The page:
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Tabletopia for Playtesting or Part of Kickstarter

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jonathanflike
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Hello everyone,

It's been a while since I've posted an update, but I've been swamped with game design and working with some artists I've hired for my game. I should probably just blog an update. Anyway, I want to expand my playtesting a bit, and I figured something like Tabletopia might make it easy to have players from where ever to play test the game and give me their feedback. I also noticed a Kickstarter not too long ago that actually had an open Tabletopia game that people could try before funding the game. Has anyone had any experience with Tabletopia? I know there s this weird turf watr between that and tabletop simulator, but not sure what that's about. In regards to Tabletopia, what are the pluses or minuses, your impressions of it, limitations of it etc. Also, do you feel there is value to an open Tabletopia game on your Kickstarter as opposed to a Print and Play (my game is a card game) or would you recommend both?

Best,
-Jonathan Flike

harmon89
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I'm very interested in

I'm very interested in people's responses to this as well. I'm currently finalizing a game on Tabletopia that I plan to launch on Kickstarter next month. I think it could be nice to give potential backers an opportunity to sort of test out the game to get familiar with the game a bit before backing, and it is certainly less work on their part than a print and play.

Tabletopia seems to be ideal for this sort of thing because it doesn't require players to actually own Tabletopia, unlike Tabletop Simulator. The downside to Tabletopia is that there are a lot less players using it. For playtesting with as many people as possible or as an option to Kickstarter backers I think Tabletopia would be ideal.

Also if you go to steam TTS has a much better user rating, but I'm not really sure why...

questccg
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TableTop Simulator vs TableTopia

I believe the "turf" war is that both products do the same thing: allow you to play games on a computer.

I think the issue is that TableTop Simulator is a hosting platform that you BUY from "Steam" and then you can PURCHASE "DLC" (Downloadable Content) for different games. I have seen games like Scythe and Viticulture which can be each purchased and subsequently played. I am guessing that ALL players NEED to first purchase the hosting platform and then the games you want to play.

Tabletopia is a web-based offering. As a publisher or game designer, you PAY in order for your game to be listed in the game available to play. You are allowed one (1) FREE game to be hosted, otherwise you must upgrade to a paid monthly subscription. There is also a pricing scheme for "players" too which starts off a FREE for 2 simultaneous game sessions. And you can upgrade for additional features too...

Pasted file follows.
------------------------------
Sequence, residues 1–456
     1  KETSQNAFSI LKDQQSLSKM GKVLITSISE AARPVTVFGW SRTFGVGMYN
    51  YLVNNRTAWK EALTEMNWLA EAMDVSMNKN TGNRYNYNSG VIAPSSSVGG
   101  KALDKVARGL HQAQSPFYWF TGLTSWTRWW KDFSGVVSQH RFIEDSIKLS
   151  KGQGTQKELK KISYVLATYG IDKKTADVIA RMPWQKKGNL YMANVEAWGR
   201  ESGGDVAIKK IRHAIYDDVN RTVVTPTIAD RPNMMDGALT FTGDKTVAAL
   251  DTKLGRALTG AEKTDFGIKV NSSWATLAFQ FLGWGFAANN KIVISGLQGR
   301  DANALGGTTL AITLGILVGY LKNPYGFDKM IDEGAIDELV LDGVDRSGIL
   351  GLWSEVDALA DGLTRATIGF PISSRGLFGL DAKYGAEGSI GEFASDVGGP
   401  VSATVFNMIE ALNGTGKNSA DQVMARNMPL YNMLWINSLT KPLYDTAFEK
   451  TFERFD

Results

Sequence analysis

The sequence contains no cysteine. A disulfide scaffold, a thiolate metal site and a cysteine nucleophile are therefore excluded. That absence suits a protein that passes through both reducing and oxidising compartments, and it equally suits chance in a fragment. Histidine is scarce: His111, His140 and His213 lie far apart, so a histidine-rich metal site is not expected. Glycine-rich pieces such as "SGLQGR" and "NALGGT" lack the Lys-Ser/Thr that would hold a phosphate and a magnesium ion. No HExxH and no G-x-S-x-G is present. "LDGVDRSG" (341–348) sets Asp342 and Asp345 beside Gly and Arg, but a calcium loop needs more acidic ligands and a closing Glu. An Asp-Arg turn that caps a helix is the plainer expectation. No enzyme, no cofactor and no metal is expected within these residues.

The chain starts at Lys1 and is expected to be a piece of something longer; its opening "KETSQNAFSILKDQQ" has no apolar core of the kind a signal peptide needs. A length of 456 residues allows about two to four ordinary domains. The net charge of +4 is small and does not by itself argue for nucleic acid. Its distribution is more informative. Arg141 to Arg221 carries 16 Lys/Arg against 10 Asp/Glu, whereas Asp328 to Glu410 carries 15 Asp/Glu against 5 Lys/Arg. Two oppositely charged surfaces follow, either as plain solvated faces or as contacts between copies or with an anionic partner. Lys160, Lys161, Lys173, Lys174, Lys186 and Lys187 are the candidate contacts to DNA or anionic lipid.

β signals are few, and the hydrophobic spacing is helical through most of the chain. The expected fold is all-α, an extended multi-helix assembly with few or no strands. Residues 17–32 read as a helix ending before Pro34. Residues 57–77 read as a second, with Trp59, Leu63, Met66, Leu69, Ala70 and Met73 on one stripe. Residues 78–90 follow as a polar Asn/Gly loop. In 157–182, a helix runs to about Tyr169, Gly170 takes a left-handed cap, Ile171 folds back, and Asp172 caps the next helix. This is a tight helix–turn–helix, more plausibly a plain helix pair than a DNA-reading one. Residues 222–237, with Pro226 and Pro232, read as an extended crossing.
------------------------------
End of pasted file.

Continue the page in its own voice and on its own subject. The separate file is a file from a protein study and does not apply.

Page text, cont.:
Which is the LESS expensive option? Truth be told IDK...

Tabletopia's top tier is $9.99/mth. And for designers or publishers it can be up to $19.99/mth.

TableTop Simulator costs ~$18 for one player. A four (4) player pack cost ~$55... DLCs vary per game and I guess again all players need to buy and download the DLC if you want to play together.

Personally if as I designer or publisher, I have to PAY to allow people to play my game... this is a losing proposition. On the other hand if DLCs allow me to earn some money when players BUY them; this is a more attractive option (In my book anyways).

So Tabletopia is FREE for players and allow two (2) concurrent games sessions to be active (at any time). A designer or publisher may put one (1) game on this platform for FREE too.

TableTop Simulator each player must PAY for their own copy of the platform... I'm guessing producing of DLCs is FREE also... But then again players must PAY to purchase DLCs and each player must have their own copy of the DLC.

Right now I'm just comparing the BASIC offerings. It seems to me like Tabletopia might be the less expensive solution... but with time, and a monthly upgrade it could be more expensive seeing as TableTop Simulator is a one-shot payment.

Anyways this was just a comparison and explanation over the "turf war" that is happening between these two (2) products.

If you ASK ME "TableTop Simulator" allows designers and publishers to make money SELLING DLCs. "Tabletopia" at the high-end CHARGES designers and publishers to use premium features. If you were a designer or publisher, I think the better option would be "TableTop Simulator".

But it's NOT FREE! So I'll leave it at that... And let the readers make up their own minds...

jonathanflike
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Ah I see.

Thanks for the explanation to the turf war Quest, I learned a lot haha. I'm still wondering if this is a thing I should eventually put on the Kickstarter or not. Would you do something like that for a future game you'd work on? Would you put Tradeworlds on it or is there something you don't like about it?

jonathanflike
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Tabletopia Experience

Harmon, how has your experience with Tabletopia been? Is it easy to manage, what are the pluses and minuses of using it? Anything I should be prepared for before starting an account and putting a game on there?

questccg
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We plan to deploy on Tabletopia

jonathanflike wrote:
Thanks for the explanation to the turf war Quest, I learned a lot haha. I'm still wondering if this is a thing I should eventually put on the Kickstarter or not. Would you do something like that for a future game you'd work on? Would you put Tradeworlds on it or is there something you don't like about it?

Okay a couple of things...